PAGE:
As Fergie was a rescue, conformation was not judged initially upon purchase. Lindsy was just going to work with what she got and boy oh boy did she luck out! Fergie sports nice square front feet with beautiful shoulder lines. She has a strong top line with a nice balance and evenness overall. As she is just four, she still is a bit spidery in her legs, but Lindsy knows she will grow into herself with time.

For a horse that was formerly skin and bones, Fergie sure has filled out to be a beautiful and balanced horse! Photo by Lindsy Behrend

Conformation wise, Fergie does have a low front right heel but Lindsy has her farrier applying wedges temporarily to allow the angle of the right to match the left. As far as her training goes, Fergie LOVES to jump — and she lets you know with how excited she gets. She isn’t so much a rusher as she is an adder — she tends to want to go forward for the add resulting in a rabbit hop rather than a jump. To curb that habit, Lindsy has her take long quiet steps to each fence and they do lots of gymnastics and grid work. Single fences always have a pole before them and after them to really keep her focused and in check. In fact, overall Lindsy does more pole work than over fences work as she finds pole work just as effective and less strenuous on the horse. On the flat, Fergie is a bit slow and choppy, so Lindsy does lots of sitting trot with transitions, using hand and seat to shape and balance her. She focuses on getting Fergie to balance and put all of her power in her hind end and be soft with her front.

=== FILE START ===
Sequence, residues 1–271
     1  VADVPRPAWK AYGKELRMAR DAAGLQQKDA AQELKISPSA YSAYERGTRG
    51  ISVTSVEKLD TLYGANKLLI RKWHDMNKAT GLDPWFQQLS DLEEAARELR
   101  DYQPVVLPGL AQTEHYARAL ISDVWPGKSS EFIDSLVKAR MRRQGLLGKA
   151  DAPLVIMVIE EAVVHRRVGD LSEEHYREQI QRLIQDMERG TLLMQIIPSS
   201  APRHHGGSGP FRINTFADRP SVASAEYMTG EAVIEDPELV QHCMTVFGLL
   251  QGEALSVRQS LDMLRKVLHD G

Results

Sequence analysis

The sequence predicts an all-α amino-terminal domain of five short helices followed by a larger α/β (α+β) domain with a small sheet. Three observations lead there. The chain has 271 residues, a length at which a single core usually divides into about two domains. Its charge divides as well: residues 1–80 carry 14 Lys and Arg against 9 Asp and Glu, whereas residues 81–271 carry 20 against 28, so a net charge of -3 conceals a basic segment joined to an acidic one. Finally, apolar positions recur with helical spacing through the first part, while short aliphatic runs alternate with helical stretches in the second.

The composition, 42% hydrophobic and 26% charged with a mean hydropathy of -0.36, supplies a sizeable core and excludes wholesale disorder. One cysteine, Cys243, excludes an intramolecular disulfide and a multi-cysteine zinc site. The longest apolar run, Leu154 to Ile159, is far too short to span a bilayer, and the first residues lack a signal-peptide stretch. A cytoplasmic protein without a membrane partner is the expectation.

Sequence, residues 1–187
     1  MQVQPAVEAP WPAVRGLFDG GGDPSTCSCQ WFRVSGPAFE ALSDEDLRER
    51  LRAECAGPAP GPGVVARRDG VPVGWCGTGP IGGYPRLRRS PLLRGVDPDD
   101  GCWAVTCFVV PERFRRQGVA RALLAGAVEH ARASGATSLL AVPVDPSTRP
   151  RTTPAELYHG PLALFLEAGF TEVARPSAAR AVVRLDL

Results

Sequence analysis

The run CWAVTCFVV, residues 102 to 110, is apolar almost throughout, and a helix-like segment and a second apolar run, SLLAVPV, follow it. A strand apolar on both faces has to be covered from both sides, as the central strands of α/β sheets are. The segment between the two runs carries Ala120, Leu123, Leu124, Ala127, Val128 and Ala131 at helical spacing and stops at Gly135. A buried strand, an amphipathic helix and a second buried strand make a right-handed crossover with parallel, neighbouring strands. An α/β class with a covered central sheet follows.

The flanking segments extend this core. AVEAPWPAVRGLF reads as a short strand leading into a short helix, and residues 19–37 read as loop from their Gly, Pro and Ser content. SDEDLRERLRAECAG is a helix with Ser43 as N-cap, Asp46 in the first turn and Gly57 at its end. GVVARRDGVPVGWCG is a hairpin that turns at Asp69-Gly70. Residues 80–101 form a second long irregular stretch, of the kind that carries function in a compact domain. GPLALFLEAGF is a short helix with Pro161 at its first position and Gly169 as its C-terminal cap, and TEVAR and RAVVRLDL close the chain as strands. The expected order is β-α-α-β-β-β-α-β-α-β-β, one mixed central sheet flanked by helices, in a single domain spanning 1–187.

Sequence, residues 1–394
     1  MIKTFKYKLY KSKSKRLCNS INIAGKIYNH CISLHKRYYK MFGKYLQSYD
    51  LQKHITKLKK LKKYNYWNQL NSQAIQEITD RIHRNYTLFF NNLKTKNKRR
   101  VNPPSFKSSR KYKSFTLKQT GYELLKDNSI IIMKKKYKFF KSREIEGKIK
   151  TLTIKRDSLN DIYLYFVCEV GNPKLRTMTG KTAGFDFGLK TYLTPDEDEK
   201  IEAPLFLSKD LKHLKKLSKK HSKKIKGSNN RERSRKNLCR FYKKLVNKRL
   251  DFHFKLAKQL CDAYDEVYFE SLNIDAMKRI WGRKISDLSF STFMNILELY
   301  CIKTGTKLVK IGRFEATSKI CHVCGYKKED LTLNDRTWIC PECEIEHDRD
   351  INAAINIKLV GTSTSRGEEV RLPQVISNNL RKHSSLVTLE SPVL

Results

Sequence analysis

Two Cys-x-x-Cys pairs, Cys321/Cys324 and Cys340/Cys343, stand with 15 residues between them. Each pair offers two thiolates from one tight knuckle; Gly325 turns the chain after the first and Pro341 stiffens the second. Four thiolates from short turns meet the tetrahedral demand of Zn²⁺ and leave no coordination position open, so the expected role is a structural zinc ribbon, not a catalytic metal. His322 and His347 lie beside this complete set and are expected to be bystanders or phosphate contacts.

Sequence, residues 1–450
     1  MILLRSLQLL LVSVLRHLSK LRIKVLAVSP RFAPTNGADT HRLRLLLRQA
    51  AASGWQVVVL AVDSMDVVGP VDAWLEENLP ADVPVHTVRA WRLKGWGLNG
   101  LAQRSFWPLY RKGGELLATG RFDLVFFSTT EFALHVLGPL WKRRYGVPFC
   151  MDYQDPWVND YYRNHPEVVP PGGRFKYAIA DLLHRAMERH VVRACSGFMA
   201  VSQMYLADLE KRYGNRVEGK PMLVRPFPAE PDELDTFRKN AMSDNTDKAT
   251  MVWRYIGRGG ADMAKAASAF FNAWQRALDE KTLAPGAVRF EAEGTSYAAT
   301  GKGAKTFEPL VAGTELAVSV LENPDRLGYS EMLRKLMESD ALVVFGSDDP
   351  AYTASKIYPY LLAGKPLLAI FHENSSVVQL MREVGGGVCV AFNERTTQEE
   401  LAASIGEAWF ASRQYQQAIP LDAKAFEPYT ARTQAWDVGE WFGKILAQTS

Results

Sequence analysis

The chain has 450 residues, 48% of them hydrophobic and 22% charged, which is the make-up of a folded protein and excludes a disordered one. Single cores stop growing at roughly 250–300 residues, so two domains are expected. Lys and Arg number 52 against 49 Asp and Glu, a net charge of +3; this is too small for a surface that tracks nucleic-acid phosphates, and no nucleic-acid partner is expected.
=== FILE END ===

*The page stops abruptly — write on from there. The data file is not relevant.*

We are so excited to share that our first ever Makeover baby was born in early March (congratulations Lindsy, he is BEAUTIFUL!) That being said, Fergie got a nice mini vacation for the first three weeks of March while Lindsy recovered from her emergency c-section. While recovery was a bit longer than what Lindsy had hoped, she is taking it easy to allow herself time to heal. Fergie recently just had her shoes put back on and they will be slowly going back into work soon with their first schooling shows scheduled for next month!

It’s not our normal horse photo, but who can’t fall in love with this sweet new addition? Welcome to the Horse Nation RRP Showcase family, Brayden Everett Behrend! Photo courtesy of Lindsy Behrend.

Oliver Keithly – Polo, Amateur

“Mentally, I want this job to be no different for him than playing in a paddock as a two year old with his friends. I want him to enjoy it that much.